Wednesday, March 15

Signs of God

The Church authorities in Lamia, central Greece, have described the buried body of a preserved Orthodox monk Vissarion Korkoliakos that has remained intact 15 years after its burial as a “sign of God” as medical experts fail to come up with a scientific explanation to the alleged phenomenon.
The digging up of a body’s bones is an integral part of many the death ritual/psyche of many Greeks. In the Village where I live my house rests at the foot of a hill, which is crowned by a beautiful old church and cemetery. In this cemetery is a building containing the ossokubotio, the containers of those previously dug up. As it’s a poor village, some of these containers are, literally, biscuit boxes and biscuits tins. What a way, to end up as a Cadbury’s chocolate finger or digestive biscuit.
D, of course, wants to join in the thousands of other believers and visit the body of the Orthodox monk in the belief that it is a miracle, and that he is some sort of saint. Despite my deep respect for anyone religious and all religions, I can’t bring myself to do join her – out of curiosity let alone any extremely thin and slim idea that a miracle has somehow occurred.

Whilst I joke, it can, though, be deadly serious (excuse the pun)! My Mothers sister was buried in Athens, and after 3 years we all attended a graveside ceremony for the removal of the body (or its remains) to the ossokubotio. My Mother – fortunately - was late arriving and missed the ceremony beginning, and the rest of us watched as the coffin was opened to see a basically intact skeleton and only partly decomposed body which, without further ado and to our shock, was hoisted out and placed in a wheelbarrow and promptly carted off in the direction of what I assume was the local bone-crushing machine. As we saw in the distance my arriving Mother walking towards us, and saw in the foreground the skeleton being wheeled away, we realised there would be a point where Mother and her sister would meet. We saved the day by racing to our Mother and turning her around and walking her the other way so she wouldn’t see the sight of her sister’s almost complete skeleton advancing towards her in a prone position with rictus like grin on the face.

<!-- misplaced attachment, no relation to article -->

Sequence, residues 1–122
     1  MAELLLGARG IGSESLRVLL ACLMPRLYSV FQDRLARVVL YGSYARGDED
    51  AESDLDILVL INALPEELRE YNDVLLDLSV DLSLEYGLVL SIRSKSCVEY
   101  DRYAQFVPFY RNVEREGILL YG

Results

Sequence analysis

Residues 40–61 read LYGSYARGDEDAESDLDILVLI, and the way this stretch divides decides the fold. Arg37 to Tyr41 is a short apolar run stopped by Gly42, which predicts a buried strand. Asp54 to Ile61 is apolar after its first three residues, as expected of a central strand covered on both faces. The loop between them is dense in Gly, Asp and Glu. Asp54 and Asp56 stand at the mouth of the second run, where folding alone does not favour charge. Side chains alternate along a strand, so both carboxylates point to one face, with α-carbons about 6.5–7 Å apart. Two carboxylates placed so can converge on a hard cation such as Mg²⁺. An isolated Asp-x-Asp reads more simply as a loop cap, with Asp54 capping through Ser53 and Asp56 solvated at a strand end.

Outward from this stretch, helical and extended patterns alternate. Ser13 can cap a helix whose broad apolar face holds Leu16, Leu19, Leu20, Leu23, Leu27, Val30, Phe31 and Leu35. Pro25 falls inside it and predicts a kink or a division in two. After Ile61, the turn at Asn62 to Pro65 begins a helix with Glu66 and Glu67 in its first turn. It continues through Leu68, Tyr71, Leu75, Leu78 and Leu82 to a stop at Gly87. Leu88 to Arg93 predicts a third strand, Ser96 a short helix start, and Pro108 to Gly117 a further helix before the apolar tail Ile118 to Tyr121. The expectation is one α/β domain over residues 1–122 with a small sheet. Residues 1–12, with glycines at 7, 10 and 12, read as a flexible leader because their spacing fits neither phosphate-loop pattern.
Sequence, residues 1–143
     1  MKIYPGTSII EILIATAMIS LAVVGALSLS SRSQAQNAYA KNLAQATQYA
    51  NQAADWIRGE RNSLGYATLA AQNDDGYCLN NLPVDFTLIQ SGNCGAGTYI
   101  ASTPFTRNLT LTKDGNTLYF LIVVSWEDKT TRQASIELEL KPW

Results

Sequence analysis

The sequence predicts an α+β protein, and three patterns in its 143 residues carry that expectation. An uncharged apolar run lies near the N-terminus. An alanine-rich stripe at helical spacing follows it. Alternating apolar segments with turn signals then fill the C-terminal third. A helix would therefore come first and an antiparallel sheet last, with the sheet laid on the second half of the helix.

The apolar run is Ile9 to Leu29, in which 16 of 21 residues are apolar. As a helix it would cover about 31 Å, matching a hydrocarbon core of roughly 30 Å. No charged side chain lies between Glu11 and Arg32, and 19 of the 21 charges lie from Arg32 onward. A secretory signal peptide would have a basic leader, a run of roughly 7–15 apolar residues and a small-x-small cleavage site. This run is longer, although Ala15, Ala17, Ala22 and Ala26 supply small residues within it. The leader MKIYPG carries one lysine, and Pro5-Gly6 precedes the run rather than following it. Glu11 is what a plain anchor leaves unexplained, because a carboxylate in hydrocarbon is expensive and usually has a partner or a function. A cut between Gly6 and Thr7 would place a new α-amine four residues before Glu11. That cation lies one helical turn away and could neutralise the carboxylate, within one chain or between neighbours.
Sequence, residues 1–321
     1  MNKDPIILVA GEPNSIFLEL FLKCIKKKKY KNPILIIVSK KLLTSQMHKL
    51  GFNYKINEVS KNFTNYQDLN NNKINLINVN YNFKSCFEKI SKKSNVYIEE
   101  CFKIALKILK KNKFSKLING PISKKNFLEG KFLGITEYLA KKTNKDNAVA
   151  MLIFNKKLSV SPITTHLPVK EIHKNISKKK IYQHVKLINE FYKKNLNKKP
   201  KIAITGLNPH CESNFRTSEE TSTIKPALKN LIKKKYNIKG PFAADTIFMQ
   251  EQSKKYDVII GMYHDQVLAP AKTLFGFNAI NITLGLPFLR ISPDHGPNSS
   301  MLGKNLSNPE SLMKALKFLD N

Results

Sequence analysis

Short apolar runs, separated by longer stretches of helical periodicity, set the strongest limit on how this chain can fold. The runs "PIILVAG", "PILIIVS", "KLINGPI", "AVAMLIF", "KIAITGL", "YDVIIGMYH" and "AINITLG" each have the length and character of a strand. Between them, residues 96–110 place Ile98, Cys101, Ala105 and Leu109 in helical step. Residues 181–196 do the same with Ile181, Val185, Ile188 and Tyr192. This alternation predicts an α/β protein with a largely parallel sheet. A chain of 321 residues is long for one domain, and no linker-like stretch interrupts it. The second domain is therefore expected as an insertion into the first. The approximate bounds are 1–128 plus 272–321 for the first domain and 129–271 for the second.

This ‘ceremony’ and other rites are a function of space (and history); It’s not all bad, though can seem wierd to the uninitiated. The first time I approached the open casket in a church and kissed the forehead of a deceased uncle was somewhat strange, but I learnt through that experience that seeing the body – especially in cases of unexpected death – can give one closure. Something I miss in the case of other family members who I suddenly and unexpectedly never saw again after saying a normal goodbye, after a normal day, in a normal busy life.
But the 3 year ritual of digging up isn't closure, more the reopening the wounds for me, and in a very painful way. The recent Greek decision to allow cremations will go a long way towards ensuring a repeat of these horrors never happens again.


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